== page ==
The Denver Broncos are No. 1 in the hearts of all right-thinking National Football League fans.
They are also No. 1 in the AFC West and, at 9-1, hold the head-to-head playoff tiebreaker over the 9-1 Kansas City Chiefs.
The John Fox/Jack Del Rio coaching combination also has the team as the No. 1 seed in the AFC playoff seeding chart, a position regained after falling as low as the No. 5 seed and into wild-card territory with a loss at Indianapolis in Week 7.
With a bit of luck, more good pass blocking and the continued other-worldly play of a certain quarterback who is wearing what amounts to a cast on his right ankle, that top seed could hold up.
But nobody said it was going to be easy. All it will take to fall back into the wild-card category is a second loss.
That certainly could be on the horizon.
The Broncos are currently half-way through a four-game stretch that was eyed as the toughest part of the season and, so far, so good. With Del Rio at the helm, they have gone on the road and beaten San Diego, then handed the Chiefs their first loss.
Those two completed tasks, however, pale in comparison to what the Broncos are now faced with.
Denver has been favored in every game they have played – for the most part heavy favorites.
That will not be the case over the next two weeks.
For a second Sunday night in a row the Broncos will play on prime time with a nation watching when this Sunday night, the challenge will be to stop Tom Brady and the New England Patriots.
That’s never an easy task and, as luck would have it, Bill Belichick’s team, now 7-3 on the season after a Monday night last-second loss at Carolina, is getting healthy. Tight end Rob Gronkowski , running back Shane Vareen and defensive back Aqib Talib all have returned from the injured list and will be very much in evidence against Denver.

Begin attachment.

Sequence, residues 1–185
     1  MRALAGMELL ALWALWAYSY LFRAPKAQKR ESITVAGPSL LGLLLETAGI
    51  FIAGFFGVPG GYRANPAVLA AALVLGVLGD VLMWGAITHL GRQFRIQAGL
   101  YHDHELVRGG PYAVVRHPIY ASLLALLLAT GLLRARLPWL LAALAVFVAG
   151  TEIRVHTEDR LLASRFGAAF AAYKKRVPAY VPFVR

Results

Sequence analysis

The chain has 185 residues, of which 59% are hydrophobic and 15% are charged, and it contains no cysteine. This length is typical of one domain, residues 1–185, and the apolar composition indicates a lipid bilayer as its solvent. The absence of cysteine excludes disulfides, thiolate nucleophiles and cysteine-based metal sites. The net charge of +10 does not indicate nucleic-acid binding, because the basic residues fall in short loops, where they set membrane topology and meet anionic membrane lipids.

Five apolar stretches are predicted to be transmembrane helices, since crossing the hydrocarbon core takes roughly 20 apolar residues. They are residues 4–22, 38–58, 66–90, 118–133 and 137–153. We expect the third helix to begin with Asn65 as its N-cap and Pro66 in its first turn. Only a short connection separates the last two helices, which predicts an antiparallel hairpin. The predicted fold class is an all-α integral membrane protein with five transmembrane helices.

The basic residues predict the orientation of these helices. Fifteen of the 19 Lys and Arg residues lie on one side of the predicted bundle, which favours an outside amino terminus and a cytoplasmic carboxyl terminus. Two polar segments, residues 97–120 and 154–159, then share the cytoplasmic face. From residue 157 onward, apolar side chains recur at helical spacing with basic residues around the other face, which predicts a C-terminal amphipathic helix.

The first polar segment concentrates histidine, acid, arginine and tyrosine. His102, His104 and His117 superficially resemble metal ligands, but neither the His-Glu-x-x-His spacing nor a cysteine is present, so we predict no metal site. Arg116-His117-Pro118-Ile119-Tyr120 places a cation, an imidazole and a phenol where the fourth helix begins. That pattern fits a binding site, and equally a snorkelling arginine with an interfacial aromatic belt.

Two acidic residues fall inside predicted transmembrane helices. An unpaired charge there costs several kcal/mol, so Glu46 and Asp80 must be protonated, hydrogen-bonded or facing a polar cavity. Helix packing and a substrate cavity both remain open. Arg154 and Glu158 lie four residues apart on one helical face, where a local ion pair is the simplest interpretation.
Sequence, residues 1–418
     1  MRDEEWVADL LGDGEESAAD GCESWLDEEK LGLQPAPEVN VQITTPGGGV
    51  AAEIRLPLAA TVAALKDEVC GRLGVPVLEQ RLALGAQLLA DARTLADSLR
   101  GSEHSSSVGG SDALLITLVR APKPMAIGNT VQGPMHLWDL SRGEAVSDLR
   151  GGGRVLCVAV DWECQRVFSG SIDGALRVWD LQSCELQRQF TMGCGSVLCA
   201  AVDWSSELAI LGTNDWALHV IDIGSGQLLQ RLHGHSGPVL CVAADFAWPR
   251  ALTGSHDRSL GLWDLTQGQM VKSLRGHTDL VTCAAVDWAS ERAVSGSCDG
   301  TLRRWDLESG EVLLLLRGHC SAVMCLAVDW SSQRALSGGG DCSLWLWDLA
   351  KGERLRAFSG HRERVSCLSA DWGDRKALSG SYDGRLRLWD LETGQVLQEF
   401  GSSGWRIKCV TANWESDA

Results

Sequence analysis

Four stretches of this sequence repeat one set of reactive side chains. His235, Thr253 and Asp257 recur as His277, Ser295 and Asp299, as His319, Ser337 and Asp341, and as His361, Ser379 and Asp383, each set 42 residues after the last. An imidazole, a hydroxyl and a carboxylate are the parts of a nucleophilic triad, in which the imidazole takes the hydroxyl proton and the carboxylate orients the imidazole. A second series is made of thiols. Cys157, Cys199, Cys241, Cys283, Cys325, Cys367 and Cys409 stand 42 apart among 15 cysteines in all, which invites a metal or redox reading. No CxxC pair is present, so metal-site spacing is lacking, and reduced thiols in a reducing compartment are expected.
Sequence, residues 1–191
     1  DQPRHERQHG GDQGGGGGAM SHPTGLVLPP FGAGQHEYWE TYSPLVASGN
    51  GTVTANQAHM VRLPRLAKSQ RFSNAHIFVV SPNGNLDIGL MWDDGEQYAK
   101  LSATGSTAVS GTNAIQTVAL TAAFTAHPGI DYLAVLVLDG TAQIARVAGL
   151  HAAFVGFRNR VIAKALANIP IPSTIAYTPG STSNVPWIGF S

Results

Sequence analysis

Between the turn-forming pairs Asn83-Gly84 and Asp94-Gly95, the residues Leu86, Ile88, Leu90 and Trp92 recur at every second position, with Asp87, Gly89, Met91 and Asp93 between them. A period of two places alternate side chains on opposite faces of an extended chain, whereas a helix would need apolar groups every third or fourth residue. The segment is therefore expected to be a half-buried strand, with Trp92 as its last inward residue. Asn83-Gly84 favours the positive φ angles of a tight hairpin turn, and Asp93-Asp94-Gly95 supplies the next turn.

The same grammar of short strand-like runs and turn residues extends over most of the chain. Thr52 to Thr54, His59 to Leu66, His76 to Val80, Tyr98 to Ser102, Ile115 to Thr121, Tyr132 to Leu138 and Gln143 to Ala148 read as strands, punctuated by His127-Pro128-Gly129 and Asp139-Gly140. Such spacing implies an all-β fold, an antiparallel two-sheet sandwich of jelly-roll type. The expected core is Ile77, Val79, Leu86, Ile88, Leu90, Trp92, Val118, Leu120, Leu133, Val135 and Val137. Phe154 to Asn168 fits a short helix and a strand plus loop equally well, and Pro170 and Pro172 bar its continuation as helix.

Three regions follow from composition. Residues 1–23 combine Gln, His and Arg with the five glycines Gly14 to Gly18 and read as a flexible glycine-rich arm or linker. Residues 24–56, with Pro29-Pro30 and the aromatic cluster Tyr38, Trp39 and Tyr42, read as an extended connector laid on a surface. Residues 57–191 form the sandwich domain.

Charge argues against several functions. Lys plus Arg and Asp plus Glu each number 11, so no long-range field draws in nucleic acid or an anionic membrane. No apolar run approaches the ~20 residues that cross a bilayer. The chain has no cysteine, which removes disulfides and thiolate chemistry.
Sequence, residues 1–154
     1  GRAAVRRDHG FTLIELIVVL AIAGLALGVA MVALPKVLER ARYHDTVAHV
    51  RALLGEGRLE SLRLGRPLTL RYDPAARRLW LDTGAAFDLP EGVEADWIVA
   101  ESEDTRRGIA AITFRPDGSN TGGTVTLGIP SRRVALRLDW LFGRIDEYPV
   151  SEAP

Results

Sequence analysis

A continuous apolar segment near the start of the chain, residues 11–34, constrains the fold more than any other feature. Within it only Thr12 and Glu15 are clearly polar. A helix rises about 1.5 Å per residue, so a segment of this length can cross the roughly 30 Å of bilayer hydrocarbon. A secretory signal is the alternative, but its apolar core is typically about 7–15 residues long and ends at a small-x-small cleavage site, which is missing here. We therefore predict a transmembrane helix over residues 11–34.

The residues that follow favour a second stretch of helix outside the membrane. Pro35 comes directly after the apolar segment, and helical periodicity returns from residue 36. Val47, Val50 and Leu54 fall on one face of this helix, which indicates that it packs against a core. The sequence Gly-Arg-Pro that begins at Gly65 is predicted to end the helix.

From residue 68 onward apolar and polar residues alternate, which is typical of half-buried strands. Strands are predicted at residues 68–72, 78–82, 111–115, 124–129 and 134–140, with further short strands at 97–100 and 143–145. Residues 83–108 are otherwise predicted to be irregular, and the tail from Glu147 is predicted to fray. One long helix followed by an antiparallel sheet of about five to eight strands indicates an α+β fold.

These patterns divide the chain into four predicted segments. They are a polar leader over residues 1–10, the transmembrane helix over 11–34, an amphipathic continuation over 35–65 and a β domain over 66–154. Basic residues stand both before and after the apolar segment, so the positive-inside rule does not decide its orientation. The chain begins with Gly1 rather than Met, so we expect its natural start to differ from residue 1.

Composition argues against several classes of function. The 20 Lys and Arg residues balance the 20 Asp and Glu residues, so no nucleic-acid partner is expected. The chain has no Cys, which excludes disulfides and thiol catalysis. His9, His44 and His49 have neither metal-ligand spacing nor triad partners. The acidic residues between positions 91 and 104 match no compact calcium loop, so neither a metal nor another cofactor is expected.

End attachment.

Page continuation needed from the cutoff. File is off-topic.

The opening line had Denver a 2½-point favorite. Bet on the Broncos at your own peril in that one.
The next week in Kansas City, while there has been no betting line established, the one thing you can bet on is the Chiefs being fired up and their fans being noisy.
Factor in the normally crappy Kansas City winter weather and Peyton Manning’s well-known (perhaps overblown) inability to cope with chilly elements and you know this one won’t be one of those 25- or 30-point blowouts.
Yes, two weeks, two tough tasks ahead.
Win both and start making plans for yet another opening-round playoff bye (which may not be a good thing for the Broncos, as history would suggest).
Win one of two and it’s going to be a battle right down to the wire with the Chiefs for all the regular-season marbles.
Lose both and it could be on to a thought I had last week as the Broncos were preparing to host the Chiefs:
I was ready to suggest to Mr. John Elway that he have a chat with his starting quarterback and suggest said quarterback take a seat on the bench for a week or two, maybe more, to heal his injured ankles. That would seem to make sense if the Broncos were to be a legitimate title contender from the wild-card slot – something that Mr. Elway knows much about from the 1997-98 season.
I was going to make such a suggestion if Manning was ineffective and getting hammered by the Chiefs, perhaps forcing the dreaded Brock Osweiler sighting, and they fell two games behind in the West.
Manning, despite his handicap, was Manning against the Chiefs to the tune of another 300-yard passing game. He will be Manning and have his team competitive even in the toughest stretch of the season. And, for the second straight season, it will come down to chasing that top seed, probably through the final game of the season.
Lord, help us all.